I seem to remember something about a separatist movement up in Alaska and Palin & co having some involvement in it. Does not sound very “Pro-American” to me…

  30. armchairpunter says:

    Provincialism is not limited to the provinces.

  31. “it brought down the very promising career of George Allen, for example, with the Macaca incident”

    Is it fair to conflate the ‘Macaca’ incident with the ‘Real America’ persona Allen presented? Was the boneheaded use of ‘macaca’, a foreign racial slur, of a piece with acting as part of ‘Real America’? Only if you consider racism to be an intrinsic element of ‘real America’, but I don’t think this is fair or accurate. Take George W. Bush, for example. He has also cultivated a Texas version of a ‘Real American’ persona, but this hasn’t kept him from going out of his way toward racial inclusiveness — he appointed the most diverse cabinet in history.

  32. rodney dill says:

    I see Elmer FUDs is starting to worry.

  33. Gene44 says:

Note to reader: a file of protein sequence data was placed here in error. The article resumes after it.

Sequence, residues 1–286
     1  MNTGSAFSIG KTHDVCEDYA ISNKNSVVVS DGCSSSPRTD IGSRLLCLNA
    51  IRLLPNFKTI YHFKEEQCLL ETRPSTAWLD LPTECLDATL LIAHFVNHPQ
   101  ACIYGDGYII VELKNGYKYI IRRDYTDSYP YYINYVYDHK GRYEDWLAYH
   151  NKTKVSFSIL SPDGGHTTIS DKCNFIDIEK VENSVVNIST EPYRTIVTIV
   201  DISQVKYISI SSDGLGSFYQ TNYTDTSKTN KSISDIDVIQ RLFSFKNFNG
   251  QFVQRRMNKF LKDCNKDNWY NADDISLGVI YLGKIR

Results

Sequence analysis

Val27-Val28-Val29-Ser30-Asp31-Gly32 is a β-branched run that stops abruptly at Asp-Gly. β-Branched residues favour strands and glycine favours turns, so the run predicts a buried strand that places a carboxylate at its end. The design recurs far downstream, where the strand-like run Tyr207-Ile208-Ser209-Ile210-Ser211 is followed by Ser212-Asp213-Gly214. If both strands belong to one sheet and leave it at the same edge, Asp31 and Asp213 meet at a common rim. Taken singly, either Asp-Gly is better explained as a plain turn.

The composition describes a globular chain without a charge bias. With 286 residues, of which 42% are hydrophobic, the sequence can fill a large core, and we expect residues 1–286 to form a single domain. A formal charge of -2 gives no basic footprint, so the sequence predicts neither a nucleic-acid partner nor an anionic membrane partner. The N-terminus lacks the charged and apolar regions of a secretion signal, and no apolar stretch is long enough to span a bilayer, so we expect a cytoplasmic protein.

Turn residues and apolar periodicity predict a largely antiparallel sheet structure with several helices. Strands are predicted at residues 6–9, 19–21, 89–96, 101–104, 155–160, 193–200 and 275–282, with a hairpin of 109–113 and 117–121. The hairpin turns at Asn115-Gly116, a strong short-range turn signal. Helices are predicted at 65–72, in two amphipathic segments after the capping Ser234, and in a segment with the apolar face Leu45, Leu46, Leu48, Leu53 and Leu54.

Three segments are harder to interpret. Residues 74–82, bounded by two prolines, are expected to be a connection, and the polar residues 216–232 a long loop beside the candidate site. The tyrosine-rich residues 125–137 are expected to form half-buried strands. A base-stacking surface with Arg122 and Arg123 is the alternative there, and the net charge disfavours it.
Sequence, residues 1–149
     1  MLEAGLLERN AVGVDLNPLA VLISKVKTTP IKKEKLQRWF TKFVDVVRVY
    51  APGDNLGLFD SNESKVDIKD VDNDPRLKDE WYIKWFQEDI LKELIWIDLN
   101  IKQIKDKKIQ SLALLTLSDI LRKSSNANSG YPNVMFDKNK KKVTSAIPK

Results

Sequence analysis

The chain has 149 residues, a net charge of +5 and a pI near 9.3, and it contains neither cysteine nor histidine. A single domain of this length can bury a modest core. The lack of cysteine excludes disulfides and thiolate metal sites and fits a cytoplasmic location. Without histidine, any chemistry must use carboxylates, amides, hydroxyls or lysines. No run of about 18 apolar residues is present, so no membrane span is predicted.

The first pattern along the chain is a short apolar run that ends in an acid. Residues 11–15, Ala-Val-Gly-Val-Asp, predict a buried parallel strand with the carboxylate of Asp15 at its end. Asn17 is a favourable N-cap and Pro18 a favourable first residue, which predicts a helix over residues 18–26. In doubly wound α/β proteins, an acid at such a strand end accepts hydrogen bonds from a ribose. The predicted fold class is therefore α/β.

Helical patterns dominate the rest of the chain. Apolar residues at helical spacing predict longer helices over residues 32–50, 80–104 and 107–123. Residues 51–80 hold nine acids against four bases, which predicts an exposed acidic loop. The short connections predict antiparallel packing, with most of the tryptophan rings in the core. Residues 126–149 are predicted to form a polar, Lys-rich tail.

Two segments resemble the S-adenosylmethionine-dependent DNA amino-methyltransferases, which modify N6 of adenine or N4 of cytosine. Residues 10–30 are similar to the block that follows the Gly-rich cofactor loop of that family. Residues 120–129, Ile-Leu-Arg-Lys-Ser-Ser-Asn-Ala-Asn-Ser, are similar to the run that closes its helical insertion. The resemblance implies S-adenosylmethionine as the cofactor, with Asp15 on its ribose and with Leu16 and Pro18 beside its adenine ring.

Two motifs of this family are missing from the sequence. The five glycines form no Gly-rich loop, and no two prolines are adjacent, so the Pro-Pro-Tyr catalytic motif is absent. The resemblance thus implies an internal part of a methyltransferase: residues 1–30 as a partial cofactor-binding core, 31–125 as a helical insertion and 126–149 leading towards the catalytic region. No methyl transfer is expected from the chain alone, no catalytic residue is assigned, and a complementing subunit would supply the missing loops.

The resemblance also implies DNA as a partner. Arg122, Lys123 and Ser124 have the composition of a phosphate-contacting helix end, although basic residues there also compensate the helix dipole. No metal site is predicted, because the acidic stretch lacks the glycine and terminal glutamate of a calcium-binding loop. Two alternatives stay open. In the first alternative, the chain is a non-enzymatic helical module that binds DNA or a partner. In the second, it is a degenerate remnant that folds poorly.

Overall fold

America has become a very divided nation again today. We have all the big cities with their ideals of what life is all about, getting rich and enjoying the wealth of working in the big city, fighting the pollution, traffic, crowds and fighting each other to be first in line, while on the other hand we have the small towns across America where life goes on as usual, go to work, buy a house, raise a family, save money and go to church on Sunday. Growing up in Gadsden, Alabama population 41,000 and working in foreign countries I was amazed at the way people looked at America. As I talked with these people from over 36 different countries I was further amazed that they had the same values as the people of Gadsden, Alabama and were working in a foreign land because they did not have opportunities in their home countries to reach the goals they set for themselves. I was asked thousands of times if I could help them get a Green Card so they could take their families to America. Today Gadsden, Alabama still has 41,000 citizens who still have the same values, but, the other hundreds of thousands born in between are in the big cities trying to make their mark in life. So James has it right, we are a divided nation seeking a way forward, but, one thing is certain about the Palin VP pick by McCain, she is considered “One of Us” in all the small towns across America.